The title bars of windows are a bit too big. I don’t mind them to be bigger than before (after all the average screen resolution increased) but in 3.0 it’s a bit too much.
The most important question is: Is it good? And yes, it is. There are quirks here and there but it’s just a dot-0 release. In time they’ll be ironed out. I’m sure.
Is GNOME Shell something to imitate for Plasma? No. Like often there is no objectively right way to approach users. There are a few concepts that can be adapted however. The application startup notification may be worth trying out adopting in an alternative task bar Plasma widget but my guess it that it won’t look good in a cramped task bar.
Shell’s Acitvity approach is IMO also no something that works well with the existing Plasma Desktop but I think something along Shell’s lines would work well for Plasma Netbook and Plasma Mobile.
Will I switch? No, definitely not. GNOME Shell is good but from my point of view it’s also fundamentally flawed.
- Shell is a plugin to the Mutter window manager. Crashing the window manager means crashing everything. While typing this review I switched back and forth from my other session and at some point I had just a back screen with a mouse cursor and locked input – meaning I couldn’t even switch back to my main session running Plasma. I had to forcefully turn off my PC (luckily Blogilo saves automatically every few minutes).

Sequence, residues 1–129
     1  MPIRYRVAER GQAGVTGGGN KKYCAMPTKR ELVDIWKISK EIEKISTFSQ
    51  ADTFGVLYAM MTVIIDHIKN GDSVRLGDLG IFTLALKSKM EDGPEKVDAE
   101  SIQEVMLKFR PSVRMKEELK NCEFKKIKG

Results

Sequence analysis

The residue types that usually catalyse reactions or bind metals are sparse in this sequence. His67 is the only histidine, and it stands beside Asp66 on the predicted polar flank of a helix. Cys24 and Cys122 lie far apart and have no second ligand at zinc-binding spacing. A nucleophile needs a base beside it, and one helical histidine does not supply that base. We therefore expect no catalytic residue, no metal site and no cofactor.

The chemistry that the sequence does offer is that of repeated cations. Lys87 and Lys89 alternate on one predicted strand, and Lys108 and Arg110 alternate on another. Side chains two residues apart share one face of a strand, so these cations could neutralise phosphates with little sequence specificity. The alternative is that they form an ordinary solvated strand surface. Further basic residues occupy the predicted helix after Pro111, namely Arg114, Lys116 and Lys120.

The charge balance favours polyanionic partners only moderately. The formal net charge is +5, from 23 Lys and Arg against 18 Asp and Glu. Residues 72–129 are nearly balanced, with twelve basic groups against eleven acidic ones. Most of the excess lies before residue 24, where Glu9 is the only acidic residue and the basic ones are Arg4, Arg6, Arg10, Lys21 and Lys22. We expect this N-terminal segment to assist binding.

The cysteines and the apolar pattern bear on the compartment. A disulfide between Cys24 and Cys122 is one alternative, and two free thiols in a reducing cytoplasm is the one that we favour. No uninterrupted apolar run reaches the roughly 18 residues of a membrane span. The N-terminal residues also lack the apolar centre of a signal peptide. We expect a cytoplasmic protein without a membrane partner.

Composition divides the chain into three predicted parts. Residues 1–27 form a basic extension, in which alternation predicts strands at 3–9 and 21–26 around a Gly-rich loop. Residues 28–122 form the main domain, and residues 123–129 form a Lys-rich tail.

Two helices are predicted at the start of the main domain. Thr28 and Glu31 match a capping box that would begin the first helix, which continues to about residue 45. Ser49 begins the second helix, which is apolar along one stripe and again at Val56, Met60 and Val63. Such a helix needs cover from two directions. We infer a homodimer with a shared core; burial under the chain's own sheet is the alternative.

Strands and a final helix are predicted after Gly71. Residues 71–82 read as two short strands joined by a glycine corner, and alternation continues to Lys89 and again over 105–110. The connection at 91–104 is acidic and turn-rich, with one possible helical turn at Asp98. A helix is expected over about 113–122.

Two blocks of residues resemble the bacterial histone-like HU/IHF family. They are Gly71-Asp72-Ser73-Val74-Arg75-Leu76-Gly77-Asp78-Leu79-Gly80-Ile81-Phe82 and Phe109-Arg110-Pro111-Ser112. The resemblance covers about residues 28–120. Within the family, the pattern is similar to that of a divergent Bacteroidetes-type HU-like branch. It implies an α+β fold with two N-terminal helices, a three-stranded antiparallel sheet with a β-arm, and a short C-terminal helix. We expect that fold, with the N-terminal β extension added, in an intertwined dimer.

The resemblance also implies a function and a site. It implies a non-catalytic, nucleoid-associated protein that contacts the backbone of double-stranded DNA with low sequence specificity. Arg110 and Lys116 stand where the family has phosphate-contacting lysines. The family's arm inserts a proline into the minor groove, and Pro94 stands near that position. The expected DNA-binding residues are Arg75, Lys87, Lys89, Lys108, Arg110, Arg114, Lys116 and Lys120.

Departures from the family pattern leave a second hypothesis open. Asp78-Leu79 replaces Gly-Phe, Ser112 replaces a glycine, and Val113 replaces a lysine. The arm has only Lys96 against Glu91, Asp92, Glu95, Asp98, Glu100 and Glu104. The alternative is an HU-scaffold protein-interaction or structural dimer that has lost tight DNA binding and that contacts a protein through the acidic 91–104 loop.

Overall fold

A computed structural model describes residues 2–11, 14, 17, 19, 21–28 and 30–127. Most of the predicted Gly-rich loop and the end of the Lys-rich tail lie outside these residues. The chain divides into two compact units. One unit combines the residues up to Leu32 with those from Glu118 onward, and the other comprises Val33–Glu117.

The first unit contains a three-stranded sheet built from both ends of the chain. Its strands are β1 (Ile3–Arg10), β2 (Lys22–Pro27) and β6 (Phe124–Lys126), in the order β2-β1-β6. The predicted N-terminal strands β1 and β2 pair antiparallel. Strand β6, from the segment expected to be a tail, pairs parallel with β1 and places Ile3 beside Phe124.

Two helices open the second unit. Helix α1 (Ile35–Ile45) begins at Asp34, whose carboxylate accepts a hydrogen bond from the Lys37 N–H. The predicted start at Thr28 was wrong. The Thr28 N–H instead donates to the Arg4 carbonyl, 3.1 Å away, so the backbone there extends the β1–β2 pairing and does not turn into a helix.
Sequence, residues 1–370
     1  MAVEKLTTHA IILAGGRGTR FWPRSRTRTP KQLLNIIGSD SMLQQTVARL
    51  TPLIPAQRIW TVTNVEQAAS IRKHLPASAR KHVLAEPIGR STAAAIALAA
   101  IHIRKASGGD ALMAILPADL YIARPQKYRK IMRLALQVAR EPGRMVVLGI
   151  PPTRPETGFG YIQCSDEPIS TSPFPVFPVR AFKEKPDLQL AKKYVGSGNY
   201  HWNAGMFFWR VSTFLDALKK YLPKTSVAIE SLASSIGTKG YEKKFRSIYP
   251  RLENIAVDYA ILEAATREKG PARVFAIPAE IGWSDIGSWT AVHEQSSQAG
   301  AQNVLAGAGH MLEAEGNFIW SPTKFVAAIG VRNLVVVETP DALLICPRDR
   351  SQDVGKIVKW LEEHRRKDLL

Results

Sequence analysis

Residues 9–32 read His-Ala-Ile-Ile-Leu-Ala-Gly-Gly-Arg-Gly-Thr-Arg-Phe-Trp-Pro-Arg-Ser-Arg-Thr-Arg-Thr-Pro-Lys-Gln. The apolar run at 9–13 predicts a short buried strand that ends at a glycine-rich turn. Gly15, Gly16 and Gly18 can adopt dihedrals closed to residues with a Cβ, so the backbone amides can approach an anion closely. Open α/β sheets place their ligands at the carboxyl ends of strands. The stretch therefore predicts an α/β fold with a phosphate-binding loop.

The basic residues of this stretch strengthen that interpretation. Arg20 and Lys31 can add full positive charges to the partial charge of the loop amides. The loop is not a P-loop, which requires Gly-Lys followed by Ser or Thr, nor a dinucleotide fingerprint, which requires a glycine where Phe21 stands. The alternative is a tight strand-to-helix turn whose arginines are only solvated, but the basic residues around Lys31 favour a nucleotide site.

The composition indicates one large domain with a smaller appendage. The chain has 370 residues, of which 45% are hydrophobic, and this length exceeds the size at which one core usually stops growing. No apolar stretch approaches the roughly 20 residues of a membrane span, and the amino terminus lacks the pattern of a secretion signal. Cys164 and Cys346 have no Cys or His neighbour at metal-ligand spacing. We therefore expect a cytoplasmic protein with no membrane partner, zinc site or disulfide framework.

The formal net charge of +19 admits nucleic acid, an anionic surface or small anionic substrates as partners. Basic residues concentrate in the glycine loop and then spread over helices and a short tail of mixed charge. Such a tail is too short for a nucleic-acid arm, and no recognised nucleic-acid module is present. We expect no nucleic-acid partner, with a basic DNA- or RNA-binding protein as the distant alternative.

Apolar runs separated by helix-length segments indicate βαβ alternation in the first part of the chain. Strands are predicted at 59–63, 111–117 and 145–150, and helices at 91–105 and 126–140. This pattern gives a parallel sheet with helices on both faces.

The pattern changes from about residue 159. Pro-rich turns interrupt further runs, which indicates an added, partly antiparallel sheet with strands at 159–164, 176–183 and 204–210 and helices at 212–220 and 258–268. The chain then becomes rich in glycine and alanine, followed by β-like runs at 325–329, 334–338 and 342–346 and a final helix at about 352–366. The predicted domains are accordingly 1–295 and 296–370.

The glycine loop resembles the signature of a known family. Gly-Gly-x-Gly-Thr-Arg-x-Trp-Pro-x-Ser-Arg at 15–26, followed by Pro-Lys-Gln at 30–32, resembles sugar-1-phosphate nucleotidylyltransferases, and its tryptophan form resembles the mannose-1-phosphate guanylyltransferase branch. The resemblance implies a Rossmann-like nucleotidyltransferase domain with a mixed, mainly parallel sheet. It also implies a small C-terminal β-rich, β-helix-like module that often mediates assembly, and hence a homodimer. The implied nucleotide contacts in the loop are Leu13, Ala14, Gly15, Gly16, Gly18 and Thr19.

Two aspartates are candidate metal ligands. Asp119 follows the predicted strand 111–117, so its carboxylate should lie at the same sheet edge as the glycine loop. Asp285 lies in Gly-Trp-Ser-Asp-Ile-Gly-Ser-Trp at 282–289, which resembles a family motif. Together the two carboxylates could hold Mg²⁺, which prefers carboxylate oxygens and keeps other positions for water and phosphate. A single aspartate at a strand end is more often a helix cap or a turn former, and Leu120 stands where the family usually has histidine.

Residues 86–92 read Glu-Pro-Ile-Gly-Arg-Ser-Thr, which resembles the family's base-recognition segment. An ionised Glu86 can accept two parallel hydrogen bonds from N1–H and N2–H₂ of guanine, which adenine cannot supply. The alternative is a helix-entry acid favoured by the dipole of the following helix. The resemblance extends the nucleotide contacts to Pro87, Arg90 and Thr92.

Not only that but being a window manager plugin also means I can’t choose to use a different WM with Shell. KWin allows me to on the fly turn off compositing. It’s nice because my GPU is too old to handle compositing and GPU-accelerated HD video decoding at the same time. Mutter does not and KWin can’t be used with Shell.
- It’s still GNOME. By default GNOME shows only a handful of options in GUIs. GNOME has many hidden settings but it’s my opinion that settings should be organized well instead of being hidden. While it’s true that our own past releases tended to have options simply thrown together, we changed our approach since 4.0 and the results are great, usable, configurable but not crippled applications like Gwenview, Dolphin, Marble, etc.
In GNOME 3.0 I couldn’t even find a way to change Shell, Mutter, and GTK themes. Maybe I am missing some pref pane package but so far it looks like everything moved into hidden settings.